Automation of a capacitance dilatometer using distributed control
thesisposted on 15.01.2014 by Karen J. Britton
In order to distinguish essays and pre-prints from academic theses, we have a separate category. These are often much longer text based documents than a paper.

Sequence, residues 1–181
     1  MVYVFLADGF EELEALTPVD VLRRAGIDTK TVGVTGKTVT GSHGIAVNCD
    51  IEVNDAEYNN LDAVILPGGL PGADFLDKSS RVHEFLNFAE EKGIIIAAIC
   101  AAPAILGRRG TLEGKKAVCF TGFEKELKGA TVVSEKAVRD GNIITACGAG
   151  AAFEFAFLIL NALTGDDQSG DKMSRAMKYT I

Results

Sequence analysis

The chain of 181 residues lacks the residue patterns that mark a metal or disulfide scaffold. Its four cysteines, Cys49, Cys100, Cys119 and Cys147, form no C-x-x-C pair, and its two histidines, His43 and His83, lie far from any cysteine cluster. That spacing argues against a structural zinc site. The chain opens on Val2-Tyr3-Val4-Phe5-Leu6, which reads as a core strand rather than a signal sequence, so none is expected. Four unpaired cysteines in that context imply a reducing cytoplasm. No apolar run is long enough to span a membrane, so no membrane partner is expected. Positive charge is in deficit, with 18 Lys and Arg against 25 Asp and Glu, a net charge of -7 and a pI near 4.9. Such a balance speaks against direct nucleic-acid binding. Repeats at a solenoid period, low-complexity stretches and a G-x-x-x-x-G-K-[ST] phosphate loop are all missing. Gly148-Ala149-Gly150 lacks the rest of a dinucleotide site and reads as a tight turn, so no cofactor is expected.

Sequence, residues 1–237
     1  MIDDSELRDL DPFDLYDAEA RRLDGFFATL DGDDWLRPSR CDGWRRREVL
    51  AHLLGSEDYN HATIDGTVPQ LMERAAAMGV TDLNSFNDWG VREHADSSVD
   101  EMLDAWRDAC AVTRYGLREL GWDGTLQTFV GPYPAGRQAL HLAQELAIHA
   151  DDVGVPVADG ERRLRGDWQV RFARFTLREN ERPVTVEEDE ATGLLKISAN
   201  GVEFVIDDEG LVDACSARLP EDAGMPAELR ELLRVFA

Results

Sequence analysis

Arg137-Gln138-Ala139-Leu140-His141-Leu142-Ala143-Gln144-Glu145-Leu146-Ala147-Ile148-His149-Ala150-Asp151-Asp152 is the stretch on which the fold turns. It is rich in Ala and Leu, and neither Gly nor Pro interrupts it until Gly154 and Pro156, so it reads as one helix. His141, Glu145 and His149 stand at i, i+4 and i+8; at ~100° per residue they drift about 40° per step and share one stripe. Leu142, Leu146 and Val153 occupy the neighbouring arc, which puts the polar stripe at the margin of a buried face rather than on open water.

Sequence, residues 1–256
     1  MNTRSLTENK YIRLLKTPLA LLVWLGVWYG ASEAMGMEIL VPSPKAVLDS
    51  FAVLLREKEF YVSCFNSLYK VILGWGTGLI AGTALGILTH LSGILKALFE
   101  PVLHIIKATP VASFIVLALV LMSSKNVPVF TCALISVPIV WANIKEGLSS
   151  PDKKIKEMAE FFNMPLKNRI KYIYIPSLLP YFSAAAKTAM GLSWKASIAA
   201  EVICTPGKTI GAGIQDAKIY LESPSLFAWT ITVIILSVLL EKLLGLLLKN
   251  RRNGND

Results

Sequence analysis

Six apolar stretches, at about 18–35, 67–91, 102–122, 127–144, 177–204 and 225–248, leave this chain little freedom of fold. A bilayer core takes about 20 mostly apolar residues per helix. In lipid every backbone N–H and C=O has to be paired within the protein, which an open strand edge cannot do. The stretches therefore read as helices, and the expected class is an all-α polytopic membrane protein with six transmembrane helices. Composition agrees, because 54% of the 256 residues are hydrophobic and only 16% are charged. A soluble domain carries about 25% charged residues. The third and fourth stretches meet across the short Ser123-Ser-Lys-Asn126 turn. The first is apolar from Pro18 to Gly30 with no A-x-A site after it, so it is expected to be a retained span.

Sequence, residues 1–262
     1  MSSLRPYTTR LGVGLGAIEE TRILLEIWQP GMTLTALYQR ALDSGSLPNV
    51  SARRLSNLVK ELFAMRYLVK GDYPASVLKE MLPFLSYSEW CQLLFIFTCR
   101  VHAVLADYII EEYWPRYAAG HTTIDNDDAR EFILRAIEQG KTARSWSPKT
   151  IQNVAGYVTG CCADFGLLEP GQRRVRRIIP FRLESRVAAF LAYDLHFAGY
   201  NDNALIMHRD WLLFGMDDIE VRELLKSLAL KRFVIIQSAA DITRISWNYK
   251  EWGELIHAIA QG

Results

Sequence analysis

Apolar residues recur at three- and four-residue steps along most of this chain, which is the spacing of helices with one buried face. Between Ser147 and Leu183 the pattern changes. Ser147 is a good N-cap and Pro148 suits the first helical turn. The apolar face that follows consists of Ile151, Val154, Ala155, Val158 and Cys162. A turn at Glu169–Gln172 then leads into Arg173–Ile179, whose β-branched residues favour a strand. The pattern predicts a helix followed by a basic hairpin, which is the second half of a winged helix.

A comprehensive and novel system of automatic control has been designed and constructed using distributed intelligence techniques to control a complex item of equipment for the measurement of linear thermal expansion over the temperature range 1.5K - 300K. The system is designed to perform its own self-calibration automatically before the experiment commences. The low temperature dllatometer developed for this research project incorporates the most sensitive length change sensor available; a three-terminal capacitance transducer. This transducer technique has been refined to resolve length changes of 10-5A and more importantly, measure length against temperature profiles to better than 10-2A. The period of time required to collect a full set of data measurements on any particular specimen was in excess of 100 hours. Forming the heart of the automated control system is an assembly of Intel MCS-Sl single chip microcontrollers connected together on a serial link consisting of a simple pair of wires. The approach has been to divide the system automation into a number of specific control tasks and to allocate a different task to each controller. The Instrument has been used as a diagnostic tool to investigate the properties of lead glasses, and in particular to study the possibility of negative thermal expansion existing at low temperatures. Thermal expansion measurements were also performed to observe the phase change within single crystals of polydiacetylene and to research into low temperature phenomena occurlng within the crystal.